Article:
The Extreme-scale Discontinuous Galerkin Environment (EDGE) is a solver for hyperbolic partial differential equations with emphasis on seismic simulations. EDGE targets model setups with high geometric complexities and at increasing the throughout of extreme-scale ensemble simulations. The entire software stack is tailored to the execution of “fused” simulations, which allow to study multiple model setups within one execution of the forward solver.

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EDGE’s core is open-source under the permissive BSD 3-Clause license. Additionally, EDGE’s user and developer guide are CC0‘d. Many of EDGE’s assets, e.g., providing example setups or scripts for benchmarks, are typically CC0’d or licensed under BSD 3-Clause as well.


Alexander Breuer
High Performance Geocomputing Lab (HPGeoC)
San Diego Supercomputer Center
Unversity of California, San Diego
9500 Gilman Drive
La Jolla CA 92093-0505


EDGE’s protoyping efforts are supported since 2016 by the Intel Parallel Computing Center (Intel PCC) at the San Diego Supercomputer Center (SDSC). Support for spontaneous rupture simulations was initiated through the Southern California Earthquake Center (SCEC) contribution #16247: “Increasing the Efficiency of Dynamic Rupture Simulations by Concurrently Executed Forward Runs”. The development of nonlinear earthquake simulations is supported by the SCEC contribution #18211: “Nonlinear Earthquake Simulations Through Robust and Accurate A Posteriori Sub-Cell Limiting”.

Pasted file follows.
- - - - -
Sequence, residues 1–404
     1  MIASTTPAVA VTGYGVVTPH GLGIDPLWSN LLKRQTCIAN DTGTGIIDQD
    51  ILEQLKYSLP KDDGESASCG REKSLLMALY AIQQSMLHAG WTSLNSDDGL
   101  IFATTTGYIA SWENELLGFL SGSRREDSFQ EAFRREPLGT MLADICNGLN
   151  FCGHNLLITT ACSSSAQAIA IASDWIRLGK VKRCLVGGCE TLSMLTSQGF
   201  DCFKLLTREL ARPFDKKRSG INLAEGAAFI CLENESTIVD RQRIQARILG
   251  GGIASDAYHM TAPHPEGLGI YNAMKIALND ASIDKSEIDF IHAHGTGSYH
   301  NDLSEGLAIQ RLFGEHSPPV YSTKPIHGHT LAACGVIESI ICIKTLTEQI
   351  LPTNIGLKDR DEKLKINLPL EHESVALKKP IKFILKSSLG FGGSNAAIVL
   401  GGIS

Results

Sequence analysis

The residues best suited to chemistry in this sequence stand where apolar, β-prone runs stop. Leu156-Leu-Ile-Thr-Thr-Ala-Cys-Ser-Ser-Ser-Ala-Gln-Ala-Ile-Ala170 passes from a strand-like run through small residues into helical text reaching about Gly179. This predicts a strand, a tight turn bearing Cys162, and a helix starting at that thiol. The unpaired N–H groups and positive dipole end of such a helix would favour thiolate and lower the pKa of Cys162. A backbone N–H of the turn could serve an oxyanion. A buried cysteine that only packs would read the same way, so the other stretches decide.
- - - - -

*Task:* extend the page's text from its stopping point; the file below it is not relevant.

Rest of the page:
High performance computing resources are required for development, testing, and accurate simulations. EDGE ran on Cori Phase 2, Theta, Stampede 2, Blue Waters, Comet, and Endeavour. This research used resources of the National Energy Research Scientific Computing Center (NERSC), a DOE Office of Science User Facility supported by the Office of Science of the U.S. Department of Energy under Contract No. DE-AC02-05CH11231. This research used resources of the Argonne Leadership Computing Facility (ALCF), which is a DOE Office of Science User Facility supported under Contract DE-AC02-06CH11357. This work used the Extreme Science and Engineering Discovery Environment (XSEDE), which is supported by National Science Foundation grant number ACI-1053575. This research is part of the Blue Waters sustained-petascale computing project, which is supported by the National Science Foundation (awards OCI-0725070 and ACI-1238993) and the state of Illinois. Blue Waters is a joint effort of the University of Illinois at Urbana-Champaign and its National Center for Supercomputing Applications.

EDGE heavily relies on contributions of many authors to open-source software. This software includes, but is not limited to: ASan (debugger), Catch (unit tests), CGAL (surface meshing), Clang (compiler), Cppcheck (static code analysis), Easylogging++ (logging), ExprTk (expression parsing), GCC (compiler), Git (versioning), Git LFS (versioning), gitbook (documentation), Gmsh (volume meshing), GMT (DEM pre-processing), GoCD (continuous delivery), HDF5 (I/O), jekyll (homepage), LIBXSMM (matrix kernels), METIS (partitioning), MOAB (mesh interface), NetCDF (I/O), ParaView (visualization), Proj.4 (map projections), pugixml (XML interface), SAGA-Python (automated remote job submission), SCons (build tool), TF-MISFIT GOF CRITERIA (signal analysis), UCVMC (velocity model), Valgrind (memory debugging), Visit (visualization).